In the most important way, this book was hard to read and harder still to put down. Clemantine Wamariya’s voice is strong, sure, and unafraid to be vulnerable, angry, flawed, and human. This is not a feel-good, rags-to-riches refugee story; nor does it sensationalize the horrors that Clemantine and her sister (and so many others) experienced. Instead, we are granted the incredible gift of sitting beside Wamariya as she constructs and claims the narrative of her experience, and figures out how it fits into the larger narrative of how we treat our fellow humans. Recommended By Madeline S., Powells.com
Synopses & Reviews
A riveting story of dislocation, survival, and the power of the imagination to save us.
“The plot provided by the universe was filled with starvation, war and rape. I would not — could not — live in that tale.”
Clemantine Wamariya was six years old when her mother and father began to speak in whispers, when neighbors began to disappear, and when she heard the loud, ugly sounds her brother said were thunder. In 1994, she and her 15-year-old sister, Claire, fled the Rwandan massacre and spent the next six years migrating through seven African countries, searching for safety — perpetually hungry, imprisoned and abused, enduring and escaping refugee camps, finding unexpected kindness, witnessing inhuman cruelty. They did not know whether their parents were dead or alive.
When Clemantine was 12, she and her sister were granted refugee status in the United States; there, in Chicago, their lives diverged. Though their bond remained unbreakable, Claire, who had for so long protected and provided for Clemantine, was a single mother struggling to make ends meet, while Clemantine was taken in by a family who raised her as their own. She seemed to live the American dream: attending private school, taking up cheerleading, and, ultimately, graduating from Yale. Yet the years of being treated as less than human, of going hungry and seeing death, could not be erased. She felt at the same time six years old and one hundred years old.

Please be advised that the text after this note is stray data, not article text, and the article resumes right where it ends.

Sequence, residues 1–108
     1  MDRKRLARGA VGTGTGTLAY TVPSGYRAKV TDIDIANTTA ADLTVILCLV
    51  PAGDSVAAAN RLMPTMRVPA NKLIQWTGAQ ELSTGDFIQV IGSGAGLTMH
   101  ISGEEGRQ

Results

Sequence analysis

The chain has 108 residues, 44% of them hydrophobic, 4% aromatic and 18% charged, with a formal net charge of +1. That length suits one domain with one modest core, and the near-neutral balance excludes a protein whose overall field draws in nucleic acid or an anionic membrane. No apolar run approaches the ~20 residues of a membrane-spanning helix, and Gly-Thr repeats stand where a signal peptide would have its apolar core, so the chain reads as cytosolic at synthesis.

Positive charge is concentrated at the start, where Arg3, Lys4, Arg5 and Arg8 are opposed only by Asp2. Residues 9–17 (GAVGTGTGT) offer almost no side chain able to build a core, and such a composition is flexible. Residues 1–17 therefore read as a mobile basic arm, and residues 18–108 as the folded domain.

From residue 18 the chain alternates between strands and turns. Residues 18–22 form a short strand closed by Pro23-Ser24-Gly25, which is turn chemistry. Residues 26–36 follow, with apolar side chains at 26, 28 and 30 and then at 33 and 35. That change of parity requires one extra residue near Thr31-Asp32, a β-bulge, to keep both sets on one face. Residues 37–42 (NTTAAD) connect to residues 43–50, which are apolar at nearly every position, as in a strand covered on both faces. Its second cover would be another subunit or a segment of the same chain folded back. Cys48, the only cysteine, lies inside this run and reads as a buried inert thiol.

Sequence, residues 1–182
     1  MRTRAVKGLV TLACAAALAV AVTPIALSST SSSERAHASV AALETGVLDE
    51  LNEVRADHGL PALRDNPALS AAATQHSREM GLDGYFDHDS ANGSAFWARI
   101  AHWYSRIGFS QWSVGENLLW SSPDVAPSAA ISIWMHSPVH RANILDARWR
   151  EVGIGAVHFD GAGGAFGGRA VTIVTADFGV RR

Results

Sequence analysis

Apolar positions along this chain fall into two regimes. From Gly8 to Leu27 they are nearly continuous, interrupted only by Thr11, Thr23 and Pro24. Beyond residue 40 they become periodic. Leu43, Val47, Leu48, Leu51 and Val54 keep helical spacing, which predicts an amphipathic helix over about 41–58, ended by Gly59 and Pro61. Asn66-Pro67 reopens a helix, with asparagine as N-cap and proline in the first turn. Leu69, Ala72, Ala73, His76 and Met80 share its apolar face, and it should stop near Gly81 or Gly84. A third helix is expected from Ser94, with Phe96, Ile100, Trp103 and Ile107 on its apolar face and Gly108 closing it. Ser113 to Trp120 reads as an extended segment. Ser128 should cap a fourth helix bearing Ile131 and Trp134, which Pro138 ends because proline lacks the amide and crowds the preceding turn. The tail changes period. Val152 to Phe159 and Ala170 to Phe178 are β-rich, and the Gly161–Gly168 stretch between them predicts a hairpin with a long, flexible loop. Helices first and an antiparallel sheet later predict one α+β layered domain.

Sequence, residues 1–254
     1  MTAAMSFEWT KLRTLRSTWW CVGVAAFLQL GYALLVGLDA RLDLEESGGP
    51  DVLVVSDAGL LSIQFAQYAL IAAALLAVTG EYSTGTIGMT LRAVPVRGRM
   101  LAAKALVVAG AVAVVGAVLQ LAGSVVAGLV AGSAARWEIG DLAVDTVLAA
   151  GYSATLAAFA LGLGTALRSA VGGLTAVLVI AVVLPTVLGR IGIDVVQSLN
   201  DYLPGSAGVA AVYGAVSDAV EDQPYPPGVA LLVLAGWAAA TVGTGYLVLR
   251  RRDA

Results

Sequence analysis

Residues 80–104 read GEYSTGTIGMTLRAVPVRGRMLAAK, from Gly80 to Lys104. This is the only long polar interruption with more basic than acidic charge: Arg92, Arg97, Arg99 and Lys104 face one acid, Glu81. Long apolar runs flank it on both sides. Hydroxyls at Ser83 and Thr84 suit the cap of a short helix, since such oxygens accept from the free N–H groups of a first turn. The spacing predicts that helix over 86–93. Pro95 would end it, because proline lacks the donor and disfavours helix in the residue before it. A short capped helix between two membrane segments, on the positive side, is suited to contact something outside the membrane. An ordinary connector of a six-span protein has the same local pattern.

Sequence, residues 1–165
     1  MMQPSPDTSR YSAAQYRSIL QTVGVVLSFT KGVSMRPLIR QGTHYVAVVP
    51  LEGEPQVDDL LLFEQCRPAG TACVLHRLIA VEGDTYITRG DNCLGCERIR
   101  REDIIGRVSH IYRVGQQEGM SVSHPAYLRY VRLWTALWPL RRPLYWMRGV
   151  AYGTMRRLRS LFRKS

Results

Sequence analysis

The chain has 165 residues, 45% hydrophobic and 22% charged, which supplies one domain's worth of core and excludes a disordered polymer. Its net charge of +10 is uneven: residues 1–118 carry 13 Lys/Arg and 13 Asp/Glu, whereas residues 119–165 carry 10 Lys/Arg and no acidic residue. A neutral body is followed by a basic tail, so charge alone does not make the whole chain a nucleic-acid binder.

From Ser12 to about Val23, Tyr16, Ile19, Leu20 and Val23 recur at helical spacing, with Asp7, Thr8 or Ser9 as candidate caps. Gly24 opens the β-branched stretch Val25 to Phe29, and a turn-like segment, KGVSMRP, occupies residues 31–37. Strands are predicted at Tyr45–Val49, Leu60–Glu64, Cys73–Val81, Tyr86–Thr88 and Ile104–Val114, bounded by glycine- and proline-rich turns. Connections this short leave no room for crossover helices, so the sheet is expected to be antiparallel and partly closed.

In The Girl Who Smiled Beads, Clemantine provokes us to look beyond the label of “victim” and recognize the power of the imagination to transcend even the most profound injuries and aftershocks. Devastating yet beautiful, and bracingly original, it is a powerful testament to her commitment to constructing a life on her own terms.
“This book is not a conventional story about war and its aftermath; it’s a powerful coming-of-age story in which a girl explores her identity in the wake of a brutal war that destroyed her family and home. Wamariya is an exceptional narrator and her story is unforgettable.”
Publishers Weekly (Starred Review)
“In her prose as in her life, Wamariya is brave, intelligent, and generous. Sliding easily between past and present, this memoir is a soulful, searing story about how families survive.”
“At once heart-breaking and hopeful, [Wamariya's] story is about power and helplessness, loneliness and identity, and the strange juxtaposition of poverty and privilege....This beautifully written and touching account goes beyond the horror of war to recall the lived experience of a child trying to make sense of violence and strife. Intimate and lyrical, the narrative flows from Wamariya’s early experience to her life in the United States with equal grace. A must-read.”